Research Article| Volume 20, ISSUE 4, P175-185, August 2006

The Conceptualization of Physical Restraint as a Nursing-Sensitive Adverse Outcome in Acute Care Psychiatric Treatment Settings

  • Angela M. Gerolamo
    Address reprint requests to Angela M. Gerolamo MSN, APRN, BC, Pre-Doctoral Fellow, Center for Health Outcomes and Policy Research, RM 325, 420 Guardian Drive, Philadelphia, PA 19104.
    Center for Health Outcomes and Policy Research, University of Pennsylvania, Philadelphia, PA
    Search for articles by this author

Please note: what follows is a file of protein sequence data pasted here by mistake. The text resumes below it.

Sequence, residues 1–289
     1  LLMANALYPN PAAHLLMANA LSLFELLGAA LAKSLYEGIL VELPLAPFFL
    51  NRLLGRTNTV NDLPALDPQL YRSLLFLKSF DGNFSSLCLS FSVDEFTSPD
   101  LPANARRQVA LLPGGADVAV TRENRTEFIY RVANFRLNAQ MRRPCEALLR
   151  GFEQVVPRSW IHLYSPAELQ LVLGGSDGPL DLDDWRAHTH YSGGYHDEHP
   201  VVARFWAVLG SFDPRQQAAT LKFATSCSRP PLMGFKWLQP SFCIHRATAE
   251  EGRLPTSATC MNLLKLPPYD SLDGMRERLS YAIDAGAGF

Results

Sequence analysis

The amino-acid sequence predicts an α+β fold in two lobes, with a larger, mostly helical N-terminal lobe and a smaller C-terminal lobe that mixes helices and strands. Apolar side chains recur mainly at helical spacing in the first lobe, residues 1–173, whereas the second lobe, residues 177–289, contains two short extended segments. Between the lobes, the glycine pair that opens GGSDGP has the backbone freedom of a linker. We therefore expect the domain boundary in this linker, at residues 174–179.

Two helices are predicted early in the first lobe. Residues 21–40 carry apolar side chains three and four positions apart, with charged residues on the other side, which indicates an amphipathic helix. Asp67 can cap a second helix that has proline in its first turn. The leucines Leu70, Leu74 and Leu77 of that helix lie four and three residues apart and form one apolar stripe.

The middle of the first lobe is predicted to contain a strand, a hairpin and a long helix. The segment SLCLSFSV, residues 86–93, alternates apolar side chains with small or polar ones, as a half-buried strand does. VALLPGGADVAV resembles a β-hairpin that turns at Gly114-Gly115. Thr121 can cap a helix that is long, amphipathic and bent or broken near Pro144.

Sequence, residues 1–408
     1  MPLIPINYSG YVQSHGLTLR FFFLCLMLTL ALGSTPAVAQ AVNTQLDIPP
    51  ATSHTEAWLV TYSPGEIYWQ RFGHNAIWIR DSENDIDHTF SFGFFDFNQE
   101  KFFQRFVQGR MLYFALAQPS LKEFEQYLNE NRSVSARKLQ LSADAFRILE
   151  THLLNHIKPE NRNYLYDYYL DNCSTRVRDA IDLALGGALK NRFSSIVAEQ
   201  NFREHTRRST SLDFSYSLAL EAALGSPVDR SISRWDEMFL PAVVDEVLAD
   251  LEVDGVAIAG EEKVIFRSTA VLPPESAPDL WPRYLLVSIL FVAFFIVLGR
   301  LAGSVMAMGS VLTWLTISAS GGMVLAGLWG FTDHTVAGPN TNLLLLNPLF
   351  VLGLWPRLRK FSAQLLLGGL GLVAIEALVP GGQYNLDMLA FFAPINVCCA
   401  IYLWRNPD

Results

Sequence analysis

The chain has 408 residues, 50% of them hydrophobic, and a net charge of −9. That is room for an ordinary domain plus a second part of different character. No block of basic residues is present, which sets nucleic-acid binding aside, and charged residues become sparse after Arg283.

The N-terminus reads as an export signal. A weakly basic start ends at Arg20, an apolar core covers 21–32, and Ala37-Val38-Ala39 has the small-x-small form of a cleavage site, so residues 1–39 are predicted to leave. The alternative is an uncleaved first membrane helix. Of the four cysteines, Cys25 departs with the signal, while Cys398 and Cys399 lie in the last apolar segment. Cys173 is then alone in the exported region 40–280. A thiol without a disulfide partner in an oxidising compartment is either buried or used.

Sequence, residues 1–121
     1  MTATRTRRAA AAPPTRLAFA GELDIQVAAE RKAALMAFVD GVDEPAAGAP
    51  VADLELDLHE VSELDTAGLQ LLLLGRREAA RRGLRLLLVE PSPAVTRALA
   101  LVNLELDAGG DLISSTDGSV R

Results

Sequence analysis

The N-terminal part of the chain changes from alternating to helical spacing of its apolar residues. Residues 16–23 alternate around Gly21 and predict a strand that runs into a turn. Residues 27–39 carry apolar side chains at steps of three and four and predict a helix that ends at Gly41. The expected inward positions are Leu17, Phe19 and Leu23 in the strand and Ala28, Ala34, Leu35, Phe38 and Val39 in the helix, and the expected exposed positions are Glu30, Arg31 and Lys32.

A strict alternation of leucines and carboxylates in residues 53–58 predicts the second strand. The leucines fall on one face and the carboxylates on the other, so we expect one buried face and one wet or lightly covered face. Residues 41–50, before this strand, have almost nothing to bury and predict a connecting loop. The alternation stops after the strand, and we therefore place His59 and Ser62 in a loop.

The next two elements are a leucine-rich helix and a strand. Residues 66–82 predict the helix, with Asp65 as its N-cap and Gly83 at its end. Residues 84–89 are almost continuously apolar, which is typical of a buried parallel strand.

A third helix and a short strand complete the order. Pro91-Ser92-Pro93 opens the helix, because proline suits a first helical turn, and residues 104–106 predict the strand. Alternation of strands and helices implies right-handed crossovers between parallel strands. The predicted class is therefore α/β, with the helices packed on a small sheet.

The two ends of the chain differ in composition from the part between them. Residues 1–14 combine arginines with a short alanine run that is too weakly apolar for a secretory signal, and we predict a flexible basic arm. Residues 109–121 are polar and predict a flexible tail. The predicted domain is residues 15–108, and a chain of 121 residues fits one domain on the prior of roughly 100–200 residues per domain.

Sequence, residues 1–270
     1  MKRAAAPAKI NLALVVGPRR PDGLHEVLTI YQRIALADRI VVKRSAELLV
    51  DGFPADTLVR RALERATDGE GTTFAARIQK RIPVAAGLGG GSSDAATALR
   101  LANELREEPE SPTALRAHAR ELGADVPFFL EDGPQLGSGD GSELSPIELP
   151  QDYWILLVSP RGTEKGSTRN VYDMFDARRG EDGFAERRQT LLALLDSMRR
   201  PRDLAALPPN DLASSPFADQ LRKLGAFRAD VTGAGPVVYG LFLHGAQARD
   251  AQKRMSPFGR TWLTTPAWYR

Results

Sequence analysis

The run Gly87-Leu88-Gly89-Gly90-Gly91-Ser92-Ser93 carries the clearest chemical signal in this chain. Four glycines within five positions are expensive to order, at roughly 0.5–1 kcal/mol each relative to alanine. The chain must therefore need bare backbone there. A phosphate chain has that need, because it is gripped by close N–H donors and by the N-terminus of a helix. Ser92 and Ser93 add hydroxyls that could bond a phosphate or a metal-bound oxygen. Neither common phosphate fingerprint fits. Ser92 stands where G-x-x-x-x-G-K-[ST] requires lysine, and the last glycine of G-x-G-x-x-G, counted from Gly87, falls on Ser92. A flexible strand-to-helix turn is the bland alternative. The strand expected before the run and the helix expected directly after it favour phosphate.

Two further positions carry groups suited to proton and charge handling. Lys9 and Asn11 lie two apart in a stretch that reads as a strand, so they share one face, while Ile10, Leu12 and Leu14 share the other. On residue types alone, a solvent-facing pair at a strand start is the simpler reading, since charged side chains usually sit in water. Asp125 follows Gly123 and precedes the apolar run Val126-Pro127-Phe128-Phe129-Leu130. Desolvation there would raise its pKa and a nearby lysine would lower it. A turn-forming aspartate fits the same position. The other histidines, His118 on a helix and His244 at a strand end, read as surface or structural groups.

The occurrence of physical restraint episodes in psychiatric settings is a major public health issue because the therapeutic utility of this form of behavior control has not been substantiated empirically. The purpose of this article was to examine the extant literature to determine if evidence supports the conceptualization of a physical restraint episode as an adverse client outcome that is sensitive to the organization of nursing care in psychiatric settings. An adapted version of the Quality Health Outcomes Model (Mitchell, P. H., Ferketich, S., & Jennings, B. M. (1998). Quality Health Outcomes Model. Image Journal of Nursing Scholarship, 30, 43-46) was used as the conceptual model to guide this inquiry. The databases Cumulative Index to Nursing and Allied Health Literature, Health and Psychosocial Instruments, HealthSTAR/Ovid and Healthstar, Medline, and psychINFO were searched from 1990 to 2005. There are 101 sources in this review. Evidence strongly suggests that a physical restraint episode is an adverse outcome that is sensitive to the organization of nursing care. A systematic exploration of the specific structures and processes of the organization that affect adverse outcomes, such as physical restraint episodes, is lacking in the United States.
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